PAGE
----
Frailty and delirium, although seemingly distinct syndromes, both result in significant negative health outcomes in older adults. Frailty and delirium may be different clinical expressions of a shared vulnerability to stress in older adults, and future research will determine whether this vulnerability is age related, pathological, genetic, environmental, or most likely, a combination of all of these factors. This article explores the clinical overlap of frailty and delirium, describes possible pathophysiological mechanisms linking the two, and proposes research opportunities to further knowledge of the interrelationships between these important geriatric syndromes. Frailty, a diminished ability to compensate for stressors, is generally viewed as a chronic condition, whereas delirium is an acute change in attention and cognition, but there is a developing literature on transitions in frailty status around acute events, as well as on delirium as a chronic, persistent condition. If frailty predisposes an individual to delirium, and delirium delays recovery from a stressor, then both syndromes may contribute to a downward spiral of declining function, increasing risk, and negative outcomes. In addition, frailty and delirium may have shared pathophysiology, such as inflammation, atherosclerosis, and chronic nutritional deficiencies, which will require further investigation. The fields of frailty and delirium are rapidly evolving, and future research may help to better define the interrelationship of these common and morbid geriatric syndromes. Because of the heterogeneous pathophysiology and presentation associated with frailty and delirium, typical of all geriatric syndromes, multicomponent prevention and treatment strategies are most likely to be effective and should be developed and tested.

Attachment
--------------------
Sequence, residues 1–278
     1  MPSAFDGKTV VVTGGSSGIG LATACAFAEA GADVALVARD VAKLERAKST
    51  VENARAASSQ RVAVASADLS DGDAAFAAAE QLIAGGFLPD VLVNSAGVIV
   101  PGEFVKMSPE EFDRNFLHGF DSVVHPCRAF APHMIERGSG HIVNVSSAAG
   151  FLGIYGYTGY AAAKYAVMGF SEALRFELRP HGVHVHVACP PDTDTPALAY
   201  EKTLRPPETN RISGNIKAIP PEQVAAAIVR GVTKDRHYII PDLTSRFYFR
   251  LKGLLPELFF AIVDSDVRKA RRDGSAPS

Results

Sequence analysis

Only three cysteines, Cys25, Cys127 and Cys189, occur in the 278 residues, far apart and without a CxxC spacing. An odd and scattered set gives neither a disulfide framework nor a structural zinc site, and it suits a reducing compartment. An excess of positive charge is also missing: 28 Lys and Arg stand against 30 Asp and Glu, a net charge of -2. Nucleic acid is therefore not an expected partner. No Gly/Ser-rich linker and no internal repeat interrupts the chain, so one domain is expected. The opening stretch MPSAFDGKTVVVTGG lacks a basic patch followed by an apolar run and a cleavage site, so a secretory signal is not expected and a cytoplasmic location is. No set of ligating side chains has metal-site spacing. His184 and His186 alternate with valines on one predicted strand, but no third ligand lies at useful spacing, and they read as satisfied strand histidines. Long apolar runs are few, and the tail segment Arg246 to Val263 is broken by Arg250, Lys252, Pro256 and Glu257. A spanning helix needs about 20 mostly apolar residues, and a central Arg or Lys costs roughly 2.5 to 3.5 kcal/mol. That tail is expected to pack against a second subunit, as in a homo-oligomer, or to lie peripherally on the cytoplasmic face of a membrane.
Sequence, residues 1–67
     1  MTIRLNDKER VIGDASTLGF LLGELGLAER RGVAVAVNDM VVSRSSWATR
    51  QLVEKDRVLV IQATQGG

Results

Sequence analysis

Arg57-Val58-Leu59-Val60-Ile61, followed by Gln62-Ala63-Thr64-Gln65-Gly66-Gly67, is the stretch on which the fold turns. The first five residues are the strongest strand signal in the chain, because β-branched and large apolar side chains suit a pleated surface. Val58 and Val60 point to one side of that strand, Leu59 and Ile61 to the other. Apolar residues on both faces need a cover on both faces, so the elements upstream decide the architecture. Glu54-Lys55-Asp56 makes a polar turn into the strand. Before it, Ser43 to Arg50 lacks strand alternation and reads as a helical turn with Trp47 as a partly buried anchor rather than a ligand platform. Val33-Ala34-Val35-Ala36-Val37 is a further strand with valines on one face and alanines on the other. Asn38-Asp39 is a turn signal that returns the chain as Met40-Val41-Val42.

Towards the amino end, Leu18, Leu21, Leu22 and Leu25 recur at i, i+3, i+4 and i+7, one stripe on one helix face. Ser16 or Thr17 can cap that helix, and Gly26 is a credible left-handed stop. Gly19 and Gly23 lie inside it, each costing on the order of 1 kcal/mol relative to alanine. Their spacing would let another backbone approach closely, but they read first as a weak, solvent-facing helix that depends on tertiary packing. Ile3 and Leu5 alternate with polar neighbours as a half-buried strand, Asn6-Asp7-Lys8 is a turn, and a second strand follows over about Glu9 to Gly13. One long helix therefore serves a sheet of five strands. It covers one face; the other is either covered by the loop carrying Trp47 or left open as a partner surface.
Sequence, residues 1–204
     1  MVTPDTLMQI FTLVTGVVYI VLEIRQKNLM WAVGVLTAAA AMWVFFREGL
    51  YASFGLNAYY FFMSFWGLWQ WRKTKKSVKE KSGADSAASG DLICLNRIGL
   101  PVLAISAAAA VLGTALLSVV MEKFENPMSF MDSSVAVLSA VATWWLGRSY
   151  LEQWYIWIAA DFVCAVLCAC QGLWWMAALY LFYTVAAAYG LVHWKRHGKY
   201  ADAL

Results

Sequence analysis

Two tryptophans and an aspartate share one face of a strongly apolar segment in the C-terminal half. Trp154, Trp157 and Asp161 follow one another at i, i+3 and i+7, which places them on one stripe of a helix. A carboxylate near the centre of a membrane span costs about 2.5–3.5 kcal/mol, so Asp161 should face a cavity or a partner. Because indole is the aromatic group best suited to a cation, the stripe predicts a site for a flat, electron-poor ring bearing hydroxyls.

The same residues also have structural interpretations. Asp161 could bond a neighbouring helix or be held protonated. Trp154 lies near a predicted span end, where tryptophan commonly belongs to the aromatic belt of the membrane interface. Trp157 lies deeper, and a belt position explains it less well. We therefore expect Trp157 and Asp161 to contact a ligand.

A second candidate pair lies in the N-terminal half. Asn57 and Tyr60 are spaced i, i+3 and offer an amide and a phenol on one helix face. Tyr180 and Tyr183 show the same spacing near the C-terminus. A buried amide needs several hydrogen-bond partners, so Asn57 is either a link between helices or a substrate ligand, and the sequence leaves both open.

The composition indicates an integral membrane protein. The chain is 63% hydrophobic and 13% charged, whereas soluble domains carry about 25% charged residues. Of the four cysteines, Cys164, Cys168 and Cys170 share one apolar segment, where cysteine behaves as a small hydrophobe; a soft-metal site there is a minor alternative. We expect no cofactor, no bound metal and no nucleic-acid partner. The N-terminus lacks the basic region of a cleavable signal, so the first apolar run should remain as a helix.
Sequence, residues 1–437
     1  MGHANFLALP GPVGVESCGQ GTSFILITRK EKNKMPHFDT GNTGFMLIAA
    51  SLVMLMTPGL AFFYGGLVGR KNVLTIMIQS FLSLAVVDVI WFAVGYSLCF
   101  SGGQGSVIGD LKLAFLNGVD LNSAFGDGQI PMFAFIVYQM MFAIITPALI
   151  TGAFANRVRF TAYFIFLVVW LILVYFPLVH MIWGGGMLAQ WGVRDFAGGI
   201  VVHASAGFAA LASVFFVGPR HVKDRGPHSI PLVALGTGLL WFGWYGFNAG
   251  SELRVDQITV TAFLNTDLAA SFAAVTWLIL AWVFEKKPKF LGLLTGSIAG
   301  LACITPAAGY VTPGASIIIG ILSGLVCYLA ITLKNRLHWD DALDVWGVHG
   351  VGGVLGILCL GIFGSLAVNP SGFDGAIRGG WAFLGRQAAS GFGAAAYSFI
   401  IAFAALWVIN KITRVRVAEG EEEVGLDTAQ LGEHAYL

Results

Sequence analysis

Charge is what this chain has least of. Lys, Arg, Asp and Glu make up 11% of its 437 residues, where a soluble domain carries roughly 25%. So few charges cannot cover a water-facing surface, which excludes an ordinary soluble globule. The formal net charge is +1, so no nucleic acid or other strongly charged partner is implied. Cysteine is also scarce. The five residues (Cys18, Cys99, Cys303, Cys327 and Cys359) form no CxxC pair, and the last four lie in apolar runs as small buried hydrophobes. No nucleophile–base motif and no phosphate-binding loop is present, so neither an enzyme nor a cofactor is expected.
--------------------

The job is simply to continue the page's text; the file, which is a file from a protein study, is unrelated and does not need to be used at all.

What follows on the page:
© 2011, Copyright the Authors Journal compilation © 2011, The American Geriatrics Society.